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  • Writer's pictureAscent Portal Staff

Managing Wireless Access

Organizations that allow wireless access for computer communications or networking need to focus on how best to protect wireless connections. This includes protecting the data that is transmitted over wireless networks.

Controls need to be implemented to manage how networks, systems, and applications are accessed using wireless technologies. Managing wireless access is the focus of pitfall #37 in my eBook, Security Program Pitfalls and Prescription to Avoid Them.

Usage restrictions, configuration requirements, and implementation guidance should be established for all wireless access and wireless networking activities within your organization. Wireless access for users should be authorized prior to allowing wireless connections to be made. This needs to be performed in accordance with the Access Control Policy adopted by your organization. Wireless access to systems and applications should be protected using authentication of users or approved devices. Wireless network capabilities embedded within system components should be disabled when not they are not intended to be used. This should occur prior to their implementation into the production environment.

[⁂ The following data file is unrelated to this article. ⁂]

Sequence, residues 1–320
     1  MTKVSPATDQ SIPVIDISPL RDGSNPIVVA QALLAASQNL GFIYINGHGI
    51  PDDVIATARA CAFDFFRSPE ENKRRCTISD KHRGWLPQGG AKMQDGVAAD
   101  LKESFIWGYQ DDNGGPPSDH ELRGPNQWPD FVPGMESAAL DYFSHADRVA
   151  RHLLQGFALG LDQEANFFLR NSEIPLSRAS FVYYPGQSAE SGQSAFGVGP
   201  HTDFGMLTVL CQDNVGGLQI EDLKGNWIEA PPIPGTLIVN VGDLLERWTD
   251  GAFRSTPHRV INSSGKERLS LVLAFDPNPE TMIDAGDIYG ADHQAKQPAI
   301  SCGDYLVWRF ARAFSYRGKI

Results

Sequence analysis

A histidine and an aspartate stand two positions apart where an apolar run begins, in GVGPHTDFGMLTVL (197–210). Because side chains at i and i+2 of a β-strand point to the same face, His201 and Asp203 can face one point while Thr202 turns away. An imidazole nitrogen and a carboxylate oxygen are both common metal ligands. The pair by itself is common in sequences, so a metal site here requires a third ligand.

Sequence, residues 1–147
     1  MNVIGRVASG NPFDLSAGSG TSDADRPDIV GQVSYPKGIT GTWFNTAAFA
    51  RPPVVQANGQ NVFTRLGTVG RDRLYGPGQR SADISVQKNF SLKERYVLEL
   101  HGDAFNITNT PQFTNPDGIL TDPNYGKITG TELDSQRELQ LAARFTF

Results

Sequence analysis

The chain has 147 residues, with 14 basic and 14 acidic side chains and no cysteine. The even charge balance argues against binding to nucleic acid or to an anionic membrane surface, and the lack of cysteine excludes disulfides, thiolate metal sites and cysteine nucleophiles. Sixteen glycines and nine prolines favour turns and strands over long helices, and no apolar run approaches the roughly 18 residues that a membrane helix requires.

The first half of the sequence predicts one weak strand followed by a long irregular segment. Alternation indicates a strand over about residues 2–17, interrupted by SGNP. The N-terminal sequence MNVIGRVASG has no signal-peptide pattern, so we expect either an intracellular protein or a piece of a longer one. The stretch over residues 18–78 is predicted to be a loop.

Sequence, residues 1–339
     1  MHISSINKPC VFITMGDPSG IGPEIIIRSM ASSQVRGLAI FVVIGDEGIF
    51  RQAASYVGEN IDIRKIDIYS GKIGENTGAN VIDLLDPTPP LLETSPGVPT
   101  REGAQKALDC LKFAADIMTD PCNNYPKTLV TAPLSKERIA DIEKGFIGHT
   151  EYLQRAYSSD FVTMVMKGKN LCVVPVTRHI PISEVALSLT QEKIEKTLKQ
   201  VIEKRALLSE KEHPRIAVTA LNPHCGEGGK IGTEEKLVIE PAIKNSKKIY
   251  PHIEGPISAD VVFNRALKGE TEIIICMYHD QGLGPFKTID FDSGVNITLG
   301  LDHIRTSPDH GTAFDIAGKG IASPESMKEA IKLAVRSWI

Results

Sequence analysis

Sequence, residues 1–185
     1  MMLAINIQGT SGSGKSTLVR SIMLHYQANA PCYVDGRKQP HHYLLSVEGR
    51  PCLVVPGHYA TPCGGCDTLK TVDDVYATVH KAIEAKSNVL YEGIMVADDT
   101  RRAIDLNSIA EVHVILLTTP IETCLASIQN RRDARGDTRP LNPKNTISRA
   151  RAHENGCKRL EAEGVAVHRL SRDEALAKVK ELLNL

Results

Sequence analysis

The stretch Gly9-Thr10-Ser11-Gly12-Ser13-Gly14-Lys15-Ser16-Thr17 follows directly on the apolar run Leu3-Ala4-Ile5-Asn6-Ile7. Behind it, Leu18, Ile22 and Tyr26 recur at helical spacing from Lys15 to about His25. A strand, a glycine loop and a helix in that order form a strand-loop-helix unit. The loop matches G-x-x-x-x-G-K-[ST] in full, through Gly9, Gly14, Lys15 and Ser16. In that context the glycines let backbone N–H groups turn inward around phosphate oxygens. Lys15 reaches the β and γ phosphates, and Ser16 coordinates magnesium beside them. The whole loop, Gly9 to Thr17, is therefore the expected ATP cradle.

Your organization should implement processes to test for the presence of wireless access points.  These tests should be performed at least quarterly. The testing process should detect and identify all authorized and unauthorized wireless access points. Network scanning tools should be configured to detect unauthorized wireless points connected to the organization’s wired networks. Additionally, your organization should consider using a wireless intrusion detection system (WIDS) to alert security and IT personnel when unauthorized wireless activity or potential intrusions occur on the organization’s networks.

A separate wireless network (e.g., guest wireless network) should be created for personal or untrusted devices. Enterprise access from this segregated network should be treated as untrusted.  Subsequently, these connections and associated traffic should be filtered and audited accordingly with continuous vulnerability management tools.

To learn more about this pitfall, and 99 more, get my book: 100 Security Program Pitfalls and Prescriptions to Avoid Them (available on Amazon here). Or register for a demo of the ASCENT Security and Compliance Portal and get a free synopsis of the 100 Security Program Pitfalls eBook today.

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